The Universal Notebook: Good ol’ Joe

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President Joe Biden is an eminently decent man. Former President Jimmy Carter was even more so, probably the best man to hold the office during my lifetime.

Still, Carter was the first and last Democratic president since the 19th century to lose the general election. I’m afraid Biden could be the second, and for some of the same reasons.

It’s the economy, stupid. 

Edgar Allen BeemPresidents take credit for and get blamed for economic conditions they have little or no control over. Inflation and soaring energy costs have a myriad of contributing factors. Add to that the fact that COVID-19 has not gone away (despite what we’d like to think) and Russian President Vladimir Putin continues to threaten world peace with his malignant attack on Ukraine, and you have a recipe for a Biden loss in 2024.

Of course, anything can happen between now and then and probably will.

In the near term, we can pretty much count on Biden and the Democrats taking it on the chin in November. The president’s party historically has performed poorly in midterm elections. Voters are fickle and not all that well informed, so they tend to blame the president for whatever is bothering them at the moment.

The 2016 election of President Donald Trump convinced me that about a third of American voters aren’t very bright. In the wake of the Jan. 6 Republican insurrection and the U.S. Supreme Court’s threat to overturn Roe v. Wade, the 2024 election will likely be less a referendum on Biden than a battle for the soul of a nation. American democracy clearly cannot survive another Trump presidency.

Personally, I’d prefer that neither Biden nor Trump runs again. I’ll vote for Biden if he runs, but I won’t be happy about it. He’s just too darn old and ineffectual, as are most of America’s political leaders. 

If Biden wins a second term he will be 82 on Inauguration Day in 2025 and 86 when he leaves office. Trump will be 78 if he wins a second time. Sen. Mitch McConnell, the Republican leader in the U.S. Senate, is 80 years old. House Speaker Nancy Pelosi is 82. The average age in America is 38. We live in a gerontocracy: an oligarchy of the ruling elderly.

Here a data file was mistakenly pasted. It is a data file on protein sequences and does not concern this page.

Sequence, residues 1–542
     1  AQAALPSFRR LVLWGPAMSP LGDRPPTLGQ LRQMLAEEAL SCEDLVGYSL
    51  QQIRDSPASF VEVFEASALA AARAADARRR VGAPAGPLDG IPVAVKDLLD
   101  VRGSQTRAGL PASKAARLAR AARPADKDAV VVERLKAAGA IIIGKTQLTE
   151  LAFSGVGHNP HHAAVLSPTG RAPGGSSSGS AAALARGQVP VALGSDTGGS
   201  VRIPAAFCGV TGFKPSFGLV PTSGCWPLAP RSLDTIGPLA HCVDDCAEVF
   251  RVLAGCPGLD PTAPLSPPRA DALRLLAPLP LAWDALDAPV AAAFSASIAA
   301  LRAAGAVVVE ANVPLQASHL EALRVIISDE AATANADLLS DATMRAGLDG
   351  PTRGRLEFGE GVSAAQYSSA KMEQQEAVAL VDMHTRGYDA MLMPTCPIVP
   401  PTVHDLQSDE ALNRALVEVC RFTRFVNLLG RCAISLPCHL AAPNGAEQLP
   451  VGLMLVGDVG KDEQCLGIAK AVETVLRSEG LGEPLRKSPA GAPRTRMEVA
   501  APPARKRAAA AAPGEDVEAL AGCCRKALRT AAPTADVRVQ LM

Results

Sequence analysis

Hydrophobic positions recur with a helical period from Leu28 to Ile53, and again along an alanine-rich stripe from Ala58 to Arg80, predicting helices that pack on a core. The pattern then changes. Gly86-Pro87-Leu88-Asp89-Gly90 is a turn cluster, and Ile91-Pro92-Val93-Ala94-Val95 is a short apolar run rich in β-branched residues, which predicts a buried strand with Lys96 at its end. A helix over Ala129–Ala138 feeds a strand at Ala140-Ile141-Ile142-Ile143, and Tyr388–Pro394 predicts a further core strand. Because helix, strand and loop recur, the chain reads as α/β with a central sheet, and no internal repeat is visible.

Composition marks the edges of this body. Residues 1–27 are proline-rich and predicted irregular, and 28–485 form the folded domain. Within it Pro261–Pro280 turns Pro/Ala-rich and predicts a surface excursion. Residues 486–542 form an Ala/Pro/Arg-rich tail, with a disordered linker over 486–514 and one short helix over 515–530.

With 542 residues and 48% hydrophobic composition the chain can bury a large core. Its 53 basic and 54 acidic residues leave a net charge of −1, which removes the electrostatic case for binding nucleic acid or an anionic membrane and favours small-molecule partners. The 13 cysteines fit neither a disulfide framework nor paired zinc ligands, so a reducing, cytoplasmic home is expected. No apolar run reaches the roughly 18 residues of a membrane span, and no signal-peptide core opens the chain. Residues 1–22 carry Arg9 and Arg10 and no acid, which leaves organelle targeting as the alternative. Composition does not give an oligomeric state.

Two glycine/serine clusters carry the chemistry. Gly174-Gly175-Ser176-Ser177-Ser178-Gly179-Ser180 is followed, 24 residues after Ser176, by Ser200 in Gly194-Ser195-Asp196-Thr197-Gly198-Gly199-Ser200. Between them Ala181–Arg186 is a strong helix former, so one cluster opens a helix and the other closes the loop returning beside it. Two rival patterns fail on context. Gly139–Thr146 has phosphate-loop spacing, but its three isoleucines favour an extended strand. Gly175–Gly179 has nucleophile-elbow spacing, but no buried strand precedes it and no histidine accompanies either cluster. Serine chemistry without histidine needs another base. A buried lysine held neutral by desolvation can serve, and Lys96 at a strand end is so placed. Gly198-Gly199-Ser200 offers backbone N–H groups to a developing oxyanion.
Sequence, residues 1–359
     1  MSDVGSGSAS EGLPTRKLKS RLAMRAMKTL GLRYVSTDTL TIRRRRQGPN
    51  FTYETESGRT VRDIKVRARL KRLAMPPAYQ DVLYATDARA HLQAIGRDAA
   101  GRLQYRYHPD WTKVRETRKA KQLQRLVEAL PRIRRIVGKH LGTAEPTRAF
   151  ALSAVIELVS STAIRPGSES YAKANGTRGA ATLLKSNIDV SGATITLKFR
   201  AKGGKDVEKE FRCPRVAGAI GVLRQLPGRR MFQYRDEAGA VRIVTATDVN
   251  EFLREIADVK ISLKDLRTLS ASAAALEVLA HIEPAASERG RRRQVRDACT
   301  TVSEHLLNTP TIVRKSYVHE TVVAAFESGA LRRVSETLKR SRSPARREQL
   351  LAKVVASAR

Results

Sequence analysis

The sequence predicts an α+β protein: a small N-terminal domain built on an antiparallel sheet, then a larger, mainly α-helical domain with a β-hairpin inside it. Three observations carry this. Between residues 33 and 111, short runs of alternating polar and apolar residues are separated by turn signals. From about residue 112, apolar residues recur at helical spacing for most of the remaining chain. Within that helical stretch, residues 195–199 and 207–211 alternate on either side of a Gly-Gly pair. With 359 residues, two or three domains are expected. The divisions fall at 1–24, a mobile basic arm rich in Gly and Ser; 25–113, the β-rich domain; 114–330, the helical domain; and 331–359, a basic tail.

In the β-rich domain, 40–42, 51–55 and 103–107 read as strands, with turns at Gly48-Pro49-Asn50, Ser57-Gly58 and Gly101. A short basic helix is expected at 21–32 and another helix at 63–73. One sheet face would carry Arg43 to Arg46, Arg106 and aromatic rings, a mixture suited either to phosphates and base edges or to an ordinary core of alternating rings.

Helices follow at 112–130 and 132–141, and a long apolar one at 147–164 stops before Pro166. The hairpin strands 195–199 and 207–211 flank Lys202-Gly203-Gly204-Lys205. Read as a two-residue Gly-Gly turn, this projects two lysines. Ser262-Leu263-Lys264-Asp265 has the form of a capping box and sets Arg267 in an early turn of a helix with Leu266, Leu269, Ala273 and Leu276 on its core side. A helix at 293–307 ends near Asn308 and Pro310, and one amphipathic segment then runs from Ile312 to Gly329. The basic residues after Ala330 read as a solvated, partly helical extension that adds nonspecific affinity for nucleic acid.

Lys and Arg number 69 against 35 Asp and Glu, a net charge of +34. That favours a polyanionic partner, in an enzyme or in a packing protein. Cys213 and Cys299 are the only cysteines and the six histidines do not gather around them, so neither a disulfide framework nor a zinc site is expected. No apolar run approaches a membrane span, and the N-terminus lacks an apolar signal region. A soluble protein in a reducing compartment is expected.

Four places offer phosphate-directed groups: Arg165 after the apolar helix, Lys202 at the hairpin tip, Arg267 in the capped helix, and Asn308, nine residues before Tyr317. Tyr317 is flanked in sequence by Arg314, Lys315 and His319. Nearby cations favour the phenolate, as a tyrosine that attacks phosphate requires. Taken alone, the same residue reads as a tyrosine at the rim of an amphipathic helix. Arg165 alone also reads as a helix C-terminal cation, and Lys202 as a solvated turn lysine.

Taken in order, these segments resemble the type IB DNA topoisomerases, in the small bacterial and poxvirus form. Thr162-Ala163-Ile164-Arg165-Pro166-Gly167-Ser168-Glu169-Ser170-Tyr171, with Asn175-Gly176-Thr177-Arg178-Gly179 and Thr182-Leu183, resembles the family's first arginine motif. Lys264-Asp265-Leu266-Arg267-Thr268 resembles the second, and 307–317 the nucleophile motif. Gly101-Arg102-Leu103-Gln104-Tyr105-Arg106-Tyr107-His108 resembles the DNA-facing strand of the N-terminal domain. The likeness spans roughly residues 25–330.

It’s pretty clear that the United States should impose age limits on elected and appointed officials, including presidents, members of Congress, and justices of the Supreme Court. I’m 73, and I believe 70 should be the oldest a president or justice should be. Senility is a very real issue for American political leadership.

I would prefer a senile Biden to Trump, who is already certifiably nuts on top of being dishonest, self-serving, and a traitor. But I do wish Biden would step down. That said, what alternatives do we have? Who would be a stronger (and younger) Democratic candidate?

No, not 57-year-old Kamala Harris. The vice president hasn’t accomplished anything and would be seen as a Biden surrogate.

Elizabeth Warren at 72? Too liberal. Alexandria Ocasio-Cortez is 32 – too young and too extreme. Sixty-one-year-old Amy Klobuchar? Maybe, if America is finally ready to elect a woman. Pete Buttigieg, 40? Maybe, but I’m guessing America may not be ready for a gay president.

In this time of crisis, I’m thinking what we really need is a ruling council of former presidents. Let good ol’ Joe stay in office if he wins, but let’s have Carter (97), George W. Bush (75), Bill Clinton (75), Barack Obama (60), and Trump right there in the White House to make sure he doesn’t do anything crazy.

And that goes double if, God forbid, Trump is elected again.

Edgar Allen Beem has been writing The Universal Notebook weekly since 2003, first for The Forecaster and now for the Phoenix. He also writes the Art Seen feature.